pigs and algae
Pigs can benefit from algae


Over the last 25 years or so the number of people who have pigs as pets has soared. It used to be that pigs were for basically one purpose, and that was as a food source. Now, people are looking for healthier food sources for those sweet little oinkers that have become just as much a part of their family as their dogs and cats. Recently, French researchers have begun studying algae material as a basis for enrichment materials for piglets, with growing success.

Algae as a Food Material

Between January 31, 2016, and February 1, 2017, French scientist and lead author Françoise Pol presented her findings for the food material study at the 49th French Swine Research Days, held in Paris, France. The research is said to have involved some 444 pigs from two successive batches with the trial being set up at experimental pig facilities in Crécom, France, which is where the effect of enrichment material made of compressed algae was assessed.


Algae for pigs
Algae as an enrichment material for pigs

Suitable Enrichment Materials for Pigs

Key to the research is that, ideally, enrichment material for swine should be of a type that pigs can manipulate or destroy and at the same time chew on without endangering their health. While straw is often used for this purpose, it can easily disappear through slats. Wood is unsuitable, because it is known to be able to harm pigs. As it turns out, algae fit the criteria they were looking for in an enrichment material. In what are called farrowing rooms, controlled testing was conducted with compressed algae and different available materials. As it turned out, the algae material was a hit more often than not with the pigs.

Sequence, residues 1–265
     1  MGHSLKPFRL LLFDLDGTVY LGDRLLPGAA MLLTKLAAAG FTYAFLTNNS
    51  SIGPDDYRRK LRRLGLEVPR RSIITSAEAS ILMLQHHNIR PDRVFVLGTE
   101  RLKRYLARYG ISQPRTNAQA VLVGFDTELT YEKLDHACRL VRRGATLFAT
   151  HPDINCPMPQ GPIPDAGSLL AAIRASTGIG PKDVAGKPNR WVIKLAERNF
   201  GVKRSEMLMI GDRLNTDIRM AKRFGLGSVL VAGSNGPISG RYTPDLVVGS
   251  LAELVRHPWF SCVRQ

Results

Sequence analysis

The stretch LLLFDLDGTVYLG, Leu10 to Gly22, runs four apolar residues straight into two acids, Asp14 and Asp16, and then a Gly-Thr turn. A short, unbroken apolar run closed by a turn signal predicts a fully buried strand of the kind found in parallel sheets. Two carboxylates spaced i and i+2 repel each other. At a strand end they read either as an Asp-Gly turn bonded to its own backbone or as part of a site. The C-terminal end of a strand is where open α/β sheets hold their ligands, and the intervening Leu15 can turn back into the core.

Research Conclusions

So, what does all this mean? Algae can be substituted for other sources and become a new pig enrichment material. In case you’re wondering, weaners, growers and finisher pigs were used in the study. If you’re not familiar with pigs beyond owning one as a pet, this probably means nothing to you, but farmers and those that raise the animals for the pork industry might find this interesting. But if you are a pet pig owner, this subject may be something you want to learn more about to see if the material might possibly be something you want to introduce into your little piggy’s life.


pot belly pigs
What's your little piggy eating?

Dietary Requirements for Pigs

A lot of people tend to allow their pet pigs to act as garbage disposals for food wastes. This isn’t really a good idea. Sure, you’re not fattening them up to consume one day, so it’s not like you have to worry about eating the byproduct of an animal that’s been raised on an unhealthy diet. But, like with all animals that are kept in the care of a human, it would be far kinder and certainly more responsible to ensure that they receive the kinds of foods that are best for them and their health. After all, your little piggy is not going to market; he or she is your pet.